What are these new associates looking for?  More then anything mentorship, training, and a place where they can contribute and where they feel valued.

Our law firms haven’t traditionally been great at these things.  So as Blane Prescott of Hildebrand writes, if you really want to invest in associate retention at your law firm the first place to invest is in training your partners to be good mentors. And the second is in investing in training programs and coaching for your associates to give them the support that they value.

My view is that money becomes the bottom line for associates only when other needs are not being met.  More than anything these new associates are looking for a place to put down roots and build a practice.  The important question this raises for senior partners out to bring in talented new recruits:  “Does your law firm provide fertile ground for growing a practice? “

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Mentors – can’t have enough of them

May 16, 2007

Yesterday I attended an outstanding seminar on mentorship hosted by Arlyn Reid and presented by Laura Reid for the Legal Marketing Association Vancouver Chapter.  The handouts and PowerPoint slides were detailed and packed with great ideas.  They will be up on the LMA Vancouver website later this week.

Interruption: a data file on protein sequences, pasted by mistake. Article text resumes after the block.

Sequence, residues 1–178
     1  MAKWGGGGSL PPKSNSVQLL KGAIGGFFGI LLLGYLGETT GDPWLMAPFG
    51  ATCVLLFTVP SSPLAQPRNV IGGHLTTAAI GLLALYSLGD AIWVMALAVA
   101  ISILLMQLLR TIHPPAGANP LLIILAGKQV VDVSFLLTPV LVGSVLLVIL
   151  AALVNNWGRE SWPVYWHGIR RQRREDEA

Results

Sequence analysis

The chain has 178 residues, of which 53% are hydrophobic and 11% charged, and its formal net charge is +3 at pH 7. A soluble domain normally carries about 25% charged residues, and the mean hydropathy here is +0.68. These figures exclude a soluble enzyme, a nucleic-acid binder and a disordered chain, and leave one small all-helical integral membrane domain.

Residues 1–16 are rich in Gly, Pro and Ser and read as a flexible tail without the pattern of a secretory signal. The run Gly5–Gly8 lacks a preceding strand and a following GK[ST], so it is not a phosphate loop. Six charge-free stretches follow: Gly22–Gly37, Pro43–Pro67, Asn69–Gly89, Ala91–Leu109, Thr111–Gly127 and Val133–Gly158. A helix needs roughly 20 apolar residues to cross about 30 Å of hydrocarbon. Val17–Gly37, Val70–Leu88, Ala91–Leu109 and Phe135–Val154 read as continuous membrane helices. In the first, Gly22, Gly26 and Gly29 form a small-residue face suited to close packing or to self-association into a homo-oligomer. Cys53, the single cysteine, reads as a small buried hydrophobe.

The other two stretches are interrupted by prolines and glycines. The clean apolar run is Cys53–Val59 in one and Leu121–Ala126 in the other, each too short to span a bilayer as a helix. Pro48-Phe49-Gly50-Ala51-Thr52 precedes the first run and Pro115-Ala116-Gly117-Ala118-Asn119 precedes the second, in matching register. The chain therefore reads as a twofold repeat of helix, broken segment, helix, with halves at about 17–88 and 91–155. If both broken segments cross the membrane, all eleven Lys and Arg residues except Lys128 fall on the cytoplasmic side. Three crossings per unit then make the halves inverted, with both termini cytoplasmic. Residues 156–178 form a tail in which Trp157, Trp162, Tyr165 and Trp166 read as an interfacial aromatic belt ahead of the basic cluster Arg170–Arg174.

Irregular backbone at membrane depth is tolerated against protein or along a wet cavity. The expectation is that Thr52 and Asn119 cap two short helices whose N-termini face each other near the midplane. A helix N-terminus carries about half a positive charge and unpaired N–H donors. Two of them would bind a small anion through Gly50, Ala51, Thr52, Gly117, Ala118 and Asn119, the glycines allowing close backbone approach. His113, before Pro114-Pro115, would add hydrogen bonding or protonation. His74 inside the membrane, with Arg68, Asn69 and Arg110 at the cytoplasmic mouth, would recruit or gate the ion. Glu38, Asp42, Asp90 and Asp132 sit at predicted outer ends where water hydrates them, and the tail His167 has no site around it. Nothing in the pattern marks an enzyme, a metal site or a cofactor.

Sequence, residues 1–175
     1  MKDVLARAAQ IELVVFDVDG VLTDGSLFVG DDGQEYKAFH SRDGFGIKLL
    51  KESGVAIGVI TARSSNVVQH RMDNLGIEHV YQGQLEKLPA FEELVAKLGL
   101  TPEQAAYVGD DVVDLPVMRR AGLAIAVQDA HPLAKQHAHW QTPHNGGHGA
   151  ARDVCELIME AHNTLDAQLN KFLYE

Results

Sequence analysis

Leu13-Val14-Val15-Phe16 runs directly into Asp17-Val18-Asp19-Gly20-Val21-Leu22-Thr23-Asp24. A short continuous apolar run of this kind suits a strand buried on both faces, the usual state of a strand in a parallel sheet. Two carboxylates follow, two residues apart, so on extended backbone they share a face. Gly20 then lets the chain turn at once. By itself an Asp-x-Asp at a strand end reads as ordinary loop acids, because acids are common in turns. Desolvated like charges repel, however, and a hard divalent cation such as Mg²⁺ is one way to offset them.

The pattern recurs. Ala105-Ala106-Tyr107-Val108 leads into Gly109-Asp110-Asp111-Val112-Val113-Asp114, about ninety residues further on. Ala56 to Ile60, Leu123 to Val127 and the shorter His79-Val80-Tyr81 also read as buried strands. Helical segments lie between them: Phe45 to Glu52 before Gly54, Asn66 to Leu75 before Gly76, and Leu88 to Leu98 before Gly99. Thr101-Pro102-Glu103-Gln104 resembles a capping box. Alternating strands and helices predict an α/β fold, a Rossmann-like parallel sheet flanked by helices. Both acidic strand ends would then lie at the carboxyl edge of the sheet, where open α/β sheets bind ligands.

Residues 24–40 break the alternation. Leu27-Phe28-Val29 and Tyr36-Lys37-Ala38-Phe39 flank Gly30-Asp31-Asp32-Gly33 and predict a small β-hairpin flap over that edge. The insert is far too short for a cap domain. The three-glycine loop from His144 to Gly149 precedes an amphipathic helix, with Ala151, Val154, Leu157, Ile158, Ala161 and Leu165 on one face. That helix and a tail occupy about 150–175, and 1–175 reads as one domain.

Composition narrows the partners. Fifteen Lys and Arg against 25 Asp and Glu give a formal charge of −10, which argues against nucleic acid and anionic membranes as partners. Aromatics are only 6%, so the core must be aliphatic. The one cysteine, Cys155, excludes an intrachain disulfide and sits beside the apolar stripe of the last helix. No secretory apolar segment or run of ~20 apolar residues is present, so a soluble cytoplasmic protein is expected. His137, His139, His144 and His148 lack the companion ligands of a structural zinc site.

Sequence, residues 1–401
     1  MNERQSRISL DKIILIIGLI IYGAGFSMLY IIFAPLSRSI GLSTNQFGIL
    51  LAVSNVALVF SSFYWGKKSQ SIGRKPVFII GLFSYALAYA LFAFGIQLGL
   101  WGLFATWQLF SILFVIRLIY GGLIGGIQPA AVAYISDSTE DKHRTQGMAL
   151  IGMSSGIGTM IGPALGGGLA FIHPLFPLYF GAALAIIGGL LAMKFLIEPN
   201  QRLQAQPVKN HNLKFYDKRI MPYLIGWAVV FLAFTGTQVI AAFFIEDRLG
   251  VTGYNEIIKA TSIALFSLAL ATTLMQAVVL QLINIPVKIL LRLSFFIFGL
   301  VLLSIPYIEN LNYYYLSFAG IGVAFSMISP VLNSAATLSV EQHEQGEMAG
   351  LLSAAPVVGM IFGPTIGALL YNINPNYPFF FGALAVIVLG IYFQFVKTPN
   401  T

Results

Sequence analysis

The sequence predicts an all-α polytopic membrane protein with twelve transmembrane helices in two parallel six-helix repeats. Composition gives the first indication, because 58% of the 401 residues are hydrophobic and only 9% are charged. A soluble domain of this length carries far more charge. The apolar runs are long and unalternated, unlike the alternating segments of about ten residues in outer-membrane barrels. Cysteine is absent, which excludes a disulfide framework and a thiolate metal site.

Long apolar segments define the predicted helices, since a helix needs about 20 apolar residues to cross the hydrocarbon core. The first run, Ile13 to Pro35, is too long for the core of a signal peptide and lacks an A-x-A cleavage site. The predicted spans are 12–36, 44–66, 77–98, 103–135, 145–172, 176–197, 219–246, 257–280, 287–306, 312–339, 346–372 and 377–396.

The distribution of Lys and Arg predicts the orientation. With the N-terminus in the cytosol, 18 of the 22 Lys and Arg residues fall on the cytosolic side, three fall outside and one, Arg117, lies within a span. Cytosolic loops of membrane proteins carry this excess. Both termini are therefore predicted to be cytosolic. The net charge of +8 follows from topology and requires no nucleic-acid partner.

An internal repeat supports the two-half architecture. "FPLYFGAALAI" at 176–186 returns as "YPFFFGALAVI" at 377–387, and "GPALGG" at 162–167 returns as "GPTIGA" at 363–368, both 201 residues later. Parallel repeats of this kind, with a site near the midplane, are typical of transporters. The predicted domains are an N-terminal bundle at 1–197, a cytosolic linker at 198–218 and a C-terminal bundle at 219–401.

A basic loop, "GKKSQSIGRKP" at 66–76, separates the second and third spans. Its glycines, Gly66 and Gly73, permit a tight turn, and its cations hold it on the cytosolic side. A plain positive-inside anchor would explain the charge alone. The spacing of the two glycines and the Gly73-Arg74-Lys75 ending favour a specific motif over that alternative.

I walked away from the lunch with a number of great new ideas on the subject.  But here is my number one take-away from the session:

Mentors – don’t stop at one, have three, have four, have as many as you need. 

That was a very new concept for me.  I was always of the view that if you are lucky you have one mentor – and by mentor I mean someone who is actively playing that role in your life as opposed to someone who was assigned the role but doesn’t show up for the job!

Laura has a number of mentors.  Recognizing that no one person has all the answers Laura has collected an assortment of mentors with different strengths and perspectives.  For instance she has a hard-nosed business mentor who can be counted on to give her the “reality check”.  She has a creative mentor for bouncing ideas around with.  And she has a number of other mentors as well. 

I’ve wasted no time and am immediately expanding my team of mentors while taking on some more mentees of my own. 

If you are interested in bringing some mentors into your own life, take a moment to review the handouts on the LMA Vancouver site, and contact those people who you would like to have as mentors.  Most people are honored to be asked.  If you are practicing at a law firm that assigns a mentor, you don’t have to stop there.  Consider taking the initiative to add another mentor with a different skill set to your mix and double your opportunities for learning.  Mentorship relationships can be a great source of professional development. 

“A single conversation with a wise man is better than ten years of study.” (Chinese proverb)